Excellent sales and service
get shabanatized and get 2yr. warrant r24,000miles which ever comes first. honeywell will take care of your car when u bring it to them for repairs.
Sebastian Benitez just received My income tax plus I saved just for this bmw 550i. Its nicer than my old jetta. I'm really grateful because when I got there after test driving the bmw. I realized I left the money at home. I asked if they could hold it for 1 day.I talked to Peter he told me that they don't reserve cars everything is first come first serve. I asked for the manager and Dennis came outside introduced himself and talked to me I explained to him my situation, he said he would hold the bmw for me and gave me a white slip to bring back .I came back today we finished everything. It was Worth every penny Thank you Peter & Dennis.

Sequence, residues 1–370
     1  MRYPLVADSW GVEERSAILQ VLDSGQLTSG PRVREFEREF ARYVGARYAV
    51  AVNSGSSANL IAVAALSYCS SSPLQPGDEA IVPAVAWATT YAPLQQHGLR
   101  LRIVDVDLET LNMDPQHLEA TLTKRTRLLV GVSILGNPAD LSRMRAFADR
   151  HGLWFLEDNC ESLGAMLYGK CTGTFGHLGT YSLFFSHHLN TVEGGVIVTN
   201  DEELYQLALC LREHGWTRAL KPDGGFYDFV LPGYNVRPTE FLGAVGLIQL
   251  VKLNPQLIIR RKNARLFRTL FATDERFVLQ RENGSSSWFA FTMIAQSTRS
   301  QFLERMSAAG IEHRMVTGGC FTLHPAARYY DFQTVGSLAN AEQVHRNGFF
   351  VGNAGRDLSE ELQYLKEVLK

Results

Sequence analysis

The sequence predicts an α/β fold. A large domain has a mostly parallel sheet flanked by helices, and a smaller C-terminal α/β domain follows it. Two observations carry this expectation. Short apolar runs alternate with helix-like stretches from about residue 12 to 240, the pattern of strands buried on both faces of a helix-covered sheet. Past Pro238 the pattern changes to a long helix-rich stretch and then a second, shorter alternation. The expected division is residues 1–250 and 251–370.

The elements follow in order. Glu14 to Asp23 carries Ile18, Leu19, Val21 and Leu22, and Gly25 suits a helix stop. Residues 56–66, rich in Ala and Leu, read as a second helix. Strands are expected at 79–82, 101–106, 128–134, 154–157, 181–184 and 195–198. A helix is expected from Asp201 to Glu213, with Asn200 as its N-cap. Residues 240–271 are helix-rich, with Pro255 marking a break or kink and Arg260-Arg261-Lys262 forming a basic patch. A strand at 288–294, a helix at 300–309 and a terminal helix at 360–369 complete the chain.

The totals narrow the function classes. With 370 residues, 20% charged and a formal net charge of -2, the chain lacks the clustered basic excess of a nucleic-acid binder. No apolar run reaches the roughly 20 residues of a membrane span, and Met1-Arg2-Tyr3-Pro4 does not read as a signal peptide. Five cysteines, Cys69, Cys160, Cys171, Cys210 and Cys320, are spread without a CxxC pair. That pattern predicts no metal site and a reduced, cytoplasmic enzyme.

This is my people. They take care of me and got my bmw
WORST CAR DEALER EVER!!! THE ONLY THING THEY SALE THEIR ARE LEMON CARS. I BOUGHT A BMW FROM THEM CASH AFTER2 OR 3 WEEKS CAR STARTED OVERHEATING AND COMES OUT TO BE THAT THE ENGINE WAS NO GOOD. HAD THE HEADGASKETS BLOWN SINCE THEY SOLD IT TO ME!!! AVOID WAISTING YOUR TIME ANS SAVE YOUR $ GO TO ANOTHER PLACE. NOT TO MENTION THEY HAVE THE WORST CUSTOMER SERV. INCLUDING THE OWNER MARK HIMSELF. THIS IS A TRASHY AND SHADY DEALER THAT THEY DONT CARE WHO THEIR CARS WILL LEVE STRANDED ON THE SIDE OF THE ROAD. NOT TO MENTION THAT THEY CHARGE ILLEGAL FEES AS FAR A INSOECTION $100 AND OTHER SERVICE FEE FOR $150 WITH DOES NOT SAY FOR WHAT. TAKE MY WORD FOR IT AVOID THIS PLACE !! BY : THE LADY YOU SOLD 04 BMW 330I